My dedicated blogfans may be wondering exactly when my little journey here in the Czech Republic is over. I talk about the end enough, but I don’t think I have ever mentioned the exact date. June 14 is my last day of classes. At the time of writing this, that is one month, 11 days, one hour, 10 minutes and 57 seconds away. Not bad.
However, I am not coming back to the United States until July 14. This leaves me with a time period of exactly one month to simply exist in Europe. While this seems serene, I have already filled this void with quite an agenda. Let me take this time to officially announce my summer plans.
The main leg of my month long break will be spent on the Camino de Santiago
pilgrimage. Known as the Way of St. James, it is a walking pilgrimage that extends from the edge of France all the way to the other side of Spain, ending at the Cathedral of Santiago de Compostela in Galicia where the remnants of St. James are buried. Depending on the route one chooses
, it can take anywhere from two weeks to several months. I am hoping to be able to fit in about a three week trek.
Though it is traditionally a Christian journey, I’m not doing the Camino de Santiago pilgrimage for some kind of faith. If it happens to find me along the way, that would be lovely, but for the most part, I simply want to refocus my life. Reflect. Retune in to who I am. Living here in the Czech Republic working a job I hate and just trying to make it to the next day has really drained me. It has caused me to lose faith in myself and doubt everything I am. I need to rediscover who I am, as cheesy as that may sound. And really, I just need to get away from everything and everyone. Entirely.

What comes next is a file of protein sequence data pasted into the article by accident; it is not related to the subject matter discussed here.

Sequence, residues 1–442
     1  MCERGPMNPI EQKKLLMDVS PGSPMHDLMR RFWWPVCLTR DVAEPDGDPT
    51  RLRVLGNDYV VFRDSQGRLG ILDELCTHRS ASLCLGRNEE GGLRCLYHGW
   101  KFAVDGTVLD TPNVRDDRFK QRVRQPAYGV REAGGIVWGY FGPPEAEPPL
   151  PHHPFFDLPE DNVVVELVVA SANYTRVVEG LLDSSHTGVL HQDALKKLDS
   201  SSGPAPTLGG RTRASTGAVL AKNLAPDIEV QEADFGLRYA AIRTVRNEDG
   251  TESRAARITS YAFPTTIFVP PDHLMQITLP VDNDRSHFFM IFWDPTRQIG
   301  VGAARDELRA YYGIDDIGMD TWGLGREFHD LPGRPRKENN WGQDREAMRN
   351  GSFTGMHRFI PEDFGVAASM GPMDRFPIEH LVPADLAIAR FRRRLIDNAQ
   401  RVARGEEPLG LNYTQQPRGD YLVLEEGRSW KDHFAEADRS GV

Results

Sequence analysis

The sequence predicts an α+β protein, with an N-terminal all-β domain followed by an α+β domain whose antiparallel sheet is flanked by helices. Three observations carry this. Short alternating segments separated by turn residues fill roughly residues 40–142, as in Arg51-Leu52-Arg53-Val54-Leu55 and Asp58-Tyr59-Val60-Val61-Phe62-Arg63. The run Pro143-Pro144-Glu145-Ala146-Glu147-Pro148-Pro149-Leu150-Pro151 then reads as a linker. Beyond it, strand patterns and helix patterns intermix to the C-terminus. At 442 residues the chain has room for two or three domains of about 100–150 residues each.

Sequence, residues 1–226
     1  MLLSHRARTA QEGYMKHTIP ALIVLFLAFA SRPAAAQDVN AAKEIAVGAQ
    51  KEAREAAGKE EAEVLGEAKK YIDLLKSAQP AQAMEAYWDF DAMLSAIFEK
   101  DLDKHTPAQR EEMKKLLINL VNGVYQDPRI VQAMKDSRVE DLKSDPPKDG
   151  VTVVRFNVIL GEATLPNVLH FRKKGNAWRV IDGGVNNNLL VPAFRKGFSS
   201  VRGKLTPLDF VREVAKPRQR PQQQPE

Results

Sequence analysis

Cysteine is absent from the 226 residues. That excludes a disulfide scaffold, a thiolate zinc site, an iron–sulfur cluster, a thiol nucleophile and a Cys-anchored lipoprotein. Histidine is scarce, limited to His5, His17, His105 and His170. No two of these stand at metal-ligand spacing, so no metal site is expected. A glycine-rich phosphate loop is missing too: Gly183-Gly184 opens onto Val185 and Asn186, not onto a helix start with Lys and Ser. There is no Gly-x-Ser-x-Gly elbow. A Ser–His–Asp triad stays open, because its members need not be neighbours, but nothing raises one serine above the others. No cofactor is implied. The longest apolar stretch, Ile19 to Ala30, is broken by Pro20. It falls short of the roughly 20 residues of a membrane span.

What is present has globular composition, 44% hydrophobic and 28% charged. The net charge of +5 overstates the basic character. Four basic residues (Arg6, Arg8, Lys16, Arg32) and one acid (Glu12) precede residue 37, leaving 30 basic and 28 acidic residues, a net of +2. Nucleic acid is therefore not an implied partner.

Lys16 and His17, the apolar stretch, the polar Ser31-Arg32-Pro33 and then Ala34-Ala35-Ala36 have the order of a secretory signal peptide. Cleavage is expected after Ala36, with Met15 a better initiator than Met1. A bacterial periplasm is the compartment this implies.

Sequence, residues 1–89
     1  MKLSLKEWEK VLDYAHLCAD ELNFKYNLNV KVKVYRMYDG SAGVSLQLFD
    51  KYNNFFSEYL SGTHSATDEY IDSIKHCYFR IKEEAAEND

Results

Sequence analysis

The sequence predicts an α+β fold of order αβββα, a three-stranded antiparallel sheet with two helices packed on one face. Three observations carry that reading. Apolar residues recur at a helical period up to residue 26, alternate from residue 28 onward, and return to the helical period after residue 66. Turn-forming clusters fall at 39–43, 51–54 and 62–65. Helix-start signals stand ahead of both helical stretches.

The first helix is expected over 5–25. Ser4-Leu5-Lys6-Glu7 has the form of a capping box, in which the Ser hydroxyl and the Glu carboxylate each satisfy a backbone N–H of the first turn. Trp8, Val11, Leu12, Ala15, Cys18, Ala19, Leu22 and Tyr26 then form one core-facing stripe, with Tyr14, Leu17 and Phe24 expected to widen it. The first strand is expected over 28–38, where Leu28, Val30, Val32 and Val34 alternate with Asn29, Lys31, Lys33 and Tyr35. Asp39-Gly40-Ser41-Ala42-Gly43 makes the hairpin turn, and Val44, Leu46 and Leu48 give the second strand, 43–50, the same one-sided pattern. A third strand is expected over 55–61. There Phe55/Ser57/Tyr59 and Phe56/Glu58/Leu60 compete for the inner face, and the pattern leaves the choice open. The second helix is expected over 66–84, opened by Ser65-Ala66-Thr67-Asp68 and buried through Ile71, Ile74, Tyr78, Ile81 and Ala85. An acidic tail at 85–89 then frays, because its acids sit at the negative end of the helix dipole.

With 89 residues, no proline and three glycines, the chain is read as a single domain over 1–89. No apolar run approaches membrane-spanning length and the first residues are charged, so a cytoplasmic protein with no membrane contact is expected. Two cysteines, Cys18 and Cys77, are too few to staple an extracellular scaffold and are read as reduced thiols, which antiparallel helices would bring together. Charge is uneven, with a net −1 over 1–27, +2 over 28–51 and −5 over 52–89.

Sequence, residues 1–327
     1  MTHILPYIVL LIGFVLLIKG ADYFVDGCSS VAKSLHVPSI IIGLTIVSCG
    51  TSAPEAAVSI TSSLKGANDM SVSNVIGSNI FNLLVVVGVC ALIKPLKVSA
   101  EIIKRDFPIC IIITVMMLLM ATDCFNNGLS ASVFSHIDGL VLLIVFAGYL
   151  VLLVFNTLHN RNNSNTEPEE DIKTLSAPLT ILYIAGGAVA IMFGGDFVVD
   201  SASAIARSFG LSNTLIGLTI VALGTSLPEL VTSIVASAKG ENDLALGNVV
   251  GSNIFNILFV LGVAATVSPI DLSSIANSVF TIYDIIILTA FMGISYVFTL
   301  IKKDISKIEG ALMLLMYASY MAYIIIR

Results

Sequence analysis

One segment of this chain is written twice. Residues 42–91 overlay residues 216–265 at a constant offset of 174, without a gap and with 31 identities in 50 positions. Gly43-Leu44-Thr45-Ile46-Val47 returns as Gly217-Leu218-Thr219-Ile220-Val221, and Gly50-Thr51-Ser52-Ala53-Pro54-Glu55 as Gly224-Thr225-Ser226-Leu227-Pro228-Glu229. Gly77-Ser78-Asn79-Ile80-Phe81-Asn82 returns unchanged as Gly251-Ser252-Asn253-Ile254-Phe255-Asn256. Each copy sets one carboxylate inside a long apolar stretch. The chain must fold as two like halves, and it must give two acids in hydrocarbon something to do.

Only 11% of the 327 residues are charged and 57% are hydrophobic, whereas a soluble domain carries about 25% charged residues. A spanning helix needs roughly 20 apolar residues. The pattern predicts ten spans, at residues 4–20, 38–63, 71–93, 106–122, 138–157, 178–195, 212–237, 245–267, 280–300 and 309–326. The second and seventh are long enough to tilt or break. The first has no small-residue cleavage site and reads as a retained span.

It may sound a little scary, a lone female traveler trekking through the back roads of Spain with no companion. But it’s something I need to do. Anyway, people often seem to forget how tough I am. I am sure I will meet other travelers on the way, especially at the pilgrim pit stops and hostels strategically located along the road. But these will be friends in passing, comrades on the same journey as myself, no doubt. I can’t imagine a lingering bond.
Now that I’ve committed myself to this, it opens up a whole new world of things to do. I have to get my pilgrim credentials, arrange travel to and from France, decide the exact route I want to take, buy all the necessary backpacking equipment, and get back in shape. Just the thought of it all wraps my little ball of stress into an evenly more tightly woven knot. However, I must keep in mind that at the end of it all lays relief. The only way to untangle this mess that I have become is to press on.